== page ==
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6.6% Indians above 10 Years Exposed to Covid-19 by August, Shows Second National Sero-survey

A health worker in personal protective equipment plays with a child of woman recovering inside a quarantine centre for the coronavirus disease (COVID-19) patients amidst the spread of the disease at an indoor sports complex in New Delhi. (Reuters)

A health worker in personal protective equipment plays with a child of woman recovering inside a quarantine centre for the coronavirus disease (COVID-19) patients amidst the spread of the disease at an indoor sports complex in New Delhi. (Reuters)

The survey’s results also found that the prevalence was much higher in urban slums at 15.6 per cent, 8.2 per cent in non-slums, while in rural areas it was 4.4 per cent.

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Nikhil Ghanekar

One in 15 Indians aged 10 or above or an estimated 6.6 per cent of the country’s population above 10 years had already been infected by SARS-CoV-2 and developed antibodies, the second national survey to estimate prevalence of the Coronavirus infection showed. The prevalence in adults was 7.1 per cent, the survey results showed.

The survey’s results also found that the prevalence was much higher in urban slums at 15.6 per cent, 8.2 per cent in non-slums, while in rural areas it was 4.4 per cent. The prevalence of the infection is not different by age group or gender. This showed that the risk of infection was four times higher in slums compared to rural settings and twice as much in non-slum urban areas.

The national sero-prevalence in May had showed that 0.73 per cent of population had been exposed to the novel Coronavirus, which translated to an estimated 64 lakh infections in early May, the period when the survey had begun. The first survey had also shown that for each case officially detected, there were an estimated 82-130 infections in the community. The second survey has shown there are 26-32 infections for every reported case.

The Indian Council of Medical Research (ICMR), the country’s apex biomedical research institute, conducted the second sero-survey between August 17 and September 22 in the same 700 districts/wards (in urban areas) of 70 districts across 21 districts where the first survey was held and collected 29,082 samples. This was done to understand the progression of the virus’ transmission in the same districts.

ICMR decided to include younger participants in the second survey since such individuals were also getting affected, said, ICMR Director General Dr Balram Bhargava.

“Sero-survey is an estimate of the trend of infection in the society and community. These are epidemiological tools to guide us to understand the infection transmission,” said Dr Bhargava.

“Typically, one sero-survey is not good enough to answer questions. We have to do serial sero-surveys in the same districts to know what is happening. So this clearly shows that lockdown, containment measures and behavioural changes have checked the spread of the virus. However, a large part of the population is still susceptible and vulnerable,” he added.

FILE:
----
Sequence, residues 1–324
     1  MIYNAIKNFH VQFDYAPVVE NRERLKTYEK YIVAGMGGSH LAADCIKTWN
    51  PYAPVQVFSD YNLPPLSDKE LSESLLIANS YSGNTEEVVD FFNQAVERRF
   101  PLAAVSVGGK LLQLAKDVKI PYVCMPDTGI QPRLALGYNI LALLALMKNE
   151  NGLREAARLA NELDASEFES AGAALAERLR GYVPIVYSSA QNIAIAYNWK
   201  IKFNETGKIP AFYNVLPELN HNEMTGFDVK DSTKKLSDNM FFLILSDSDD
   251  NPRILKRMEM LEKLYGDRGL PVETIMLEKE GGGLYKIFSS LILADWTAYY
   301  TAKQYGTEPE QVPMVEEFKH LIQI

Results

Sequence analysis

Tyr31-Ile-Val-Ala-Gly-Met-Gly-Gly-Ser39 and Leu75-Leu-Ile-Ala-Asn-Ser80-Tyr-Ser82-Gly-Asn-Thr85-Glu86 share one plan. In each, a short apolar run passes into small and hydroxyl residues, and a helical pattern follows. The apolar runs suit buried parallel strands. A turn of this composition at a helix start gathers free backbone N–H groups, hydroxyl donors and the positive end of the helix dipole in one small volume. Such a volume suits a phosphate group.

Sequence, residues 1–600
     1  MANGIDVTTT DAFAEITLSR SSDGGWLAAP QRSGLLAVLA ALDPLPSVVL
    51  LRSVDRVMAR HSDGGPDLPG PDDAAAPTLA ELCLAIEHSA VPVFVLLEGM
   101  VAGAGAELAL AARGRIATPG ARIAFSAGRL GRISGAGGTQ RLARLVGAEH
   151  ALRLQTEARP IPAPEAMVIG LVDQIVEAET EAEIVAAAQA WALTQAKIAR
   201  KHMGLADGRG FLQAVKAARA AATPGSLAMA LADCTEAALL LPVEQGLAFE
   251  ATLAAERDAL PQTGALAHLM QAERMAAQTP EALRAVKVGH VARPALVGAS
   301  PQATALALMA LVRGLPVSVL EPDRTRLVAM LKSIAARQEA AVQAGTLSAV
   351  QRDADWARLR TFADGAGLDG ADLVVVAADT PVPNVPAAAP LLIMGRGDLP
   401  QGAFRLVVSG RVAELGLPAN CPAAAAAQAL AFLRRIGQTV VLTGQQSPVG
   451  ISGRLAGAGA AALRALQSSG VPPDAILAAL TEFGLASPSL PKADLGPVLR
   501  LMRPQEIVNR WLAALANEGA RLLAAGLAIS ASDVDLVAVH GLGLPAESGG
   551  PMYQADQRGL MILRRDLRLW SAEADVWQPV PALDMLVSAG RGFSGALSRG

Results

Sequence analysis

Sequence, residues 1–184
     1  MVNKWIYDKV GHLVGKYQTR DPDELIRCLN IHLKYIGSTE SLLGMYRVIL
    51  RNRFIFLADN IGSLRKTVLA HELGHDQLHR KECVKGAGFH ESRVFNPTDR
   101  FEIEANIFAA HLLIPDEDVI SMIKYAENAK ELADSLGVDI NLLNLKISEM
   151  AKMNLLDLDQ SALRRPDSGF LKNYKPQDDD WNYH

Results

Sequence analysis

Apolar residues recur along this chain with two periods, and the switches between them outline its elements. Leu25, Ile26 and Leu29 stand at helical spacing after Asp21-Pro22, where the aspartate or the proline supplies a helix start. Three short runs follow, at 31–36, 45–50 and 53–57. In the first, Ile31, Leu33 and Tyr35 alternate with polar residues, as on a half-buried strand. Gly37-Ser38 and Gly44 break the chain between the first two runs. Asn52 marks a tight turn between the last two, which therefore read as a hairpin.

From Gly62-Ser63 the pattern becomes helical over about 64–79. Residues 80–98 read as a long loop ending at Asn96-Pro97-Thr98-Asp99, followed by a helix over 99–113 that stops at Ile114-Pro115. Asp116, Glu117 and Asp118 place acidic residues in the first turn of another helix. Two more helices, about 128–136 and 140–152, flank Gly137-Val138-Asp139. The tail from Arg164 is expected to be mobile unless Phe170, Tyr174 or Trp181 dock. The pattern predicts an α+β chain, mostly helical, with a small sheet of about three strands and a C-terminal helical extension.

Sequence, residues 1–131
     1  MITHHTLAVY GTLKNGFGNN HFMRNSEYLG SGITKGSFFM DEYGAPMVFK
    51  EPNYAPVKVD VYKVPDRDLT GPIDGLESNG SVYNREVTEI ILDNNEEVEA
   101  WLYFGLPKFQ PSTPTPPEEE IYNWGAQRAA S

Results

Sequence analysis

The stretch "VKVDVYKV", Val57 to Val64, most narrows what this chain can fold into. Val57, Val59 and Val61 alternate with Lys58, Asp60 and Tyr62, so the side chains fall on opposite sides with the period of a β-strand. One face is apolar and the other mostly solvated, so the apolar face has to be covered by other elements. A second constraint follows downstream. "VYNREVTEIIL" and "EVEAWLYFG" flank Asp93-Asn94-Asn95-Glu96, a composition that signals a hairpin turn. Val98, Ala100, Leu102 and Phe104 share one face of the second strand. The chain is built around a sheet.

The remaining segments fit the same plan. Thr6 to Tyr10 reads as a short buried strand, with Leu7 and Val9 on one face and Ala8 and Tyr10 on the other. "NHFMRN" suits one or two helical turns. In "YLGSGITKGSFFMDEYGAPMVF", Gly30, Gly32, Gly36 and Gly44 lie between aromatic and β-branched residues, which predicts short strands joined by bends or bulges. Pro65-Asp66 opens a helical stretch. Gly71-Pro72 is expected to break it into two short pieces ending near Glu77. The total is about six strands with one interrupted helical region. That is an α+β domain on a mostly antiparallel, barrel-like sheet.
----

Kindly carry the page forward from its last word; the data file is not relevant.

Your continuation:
Even as the ICMR and government claimed that the lockdown was effective in checking the rapid transmission of the virus, especially in the rural areas, the first sero-survey results had shown otherwise. Many districts which were categorised as ‘zero case districts’ in official record during the May-June had infections in the community.

As part of the sero-survey, 3-5ml of blood is drawn from the survey participants following due procedure of informed consent. The sera is tested for presence of IgG antibodies against SARS-CoV-2 which indicates with a good rate of accuracy if the participant was infected by the novel Coronavirus. However, an infection necessarily does not mean Covid-19 disease as many infections have been found to be completely asymptomatic.

“Last time, the results showed that there were 82-130 infections for per reported case. However, that number has now reduced to 26-32 range. This shows that higher testing and the tracking approach is working,” said Dr VK Paul head of the National Task Force on Covid-19 and member of Niti Aayog.

Dr Paul added this has wider dimensions as many infections are silent and asymptomatic and thus, we can never find out each asymptomatic infection. “This (sero-survey) is an additional tool that complements testing, tracking and surveillance of those with influenza-like illness and severe acute respiratory infections,” Dr Paul said.

Apart from national sero-surveys, Delhi, Mumabi, Ahmedabad and Chennai have also conducted sero-surveys to check prevalence of the infection. The estimated prevalence of infection in these cities was; 29.1 per cent in Delhi in August; 57.8 in slum areas of Mumbai and 17.4 per cent in non-slum areas; 17.6 per cent in Ahmedabad and 21.5 per cent in Chennai.


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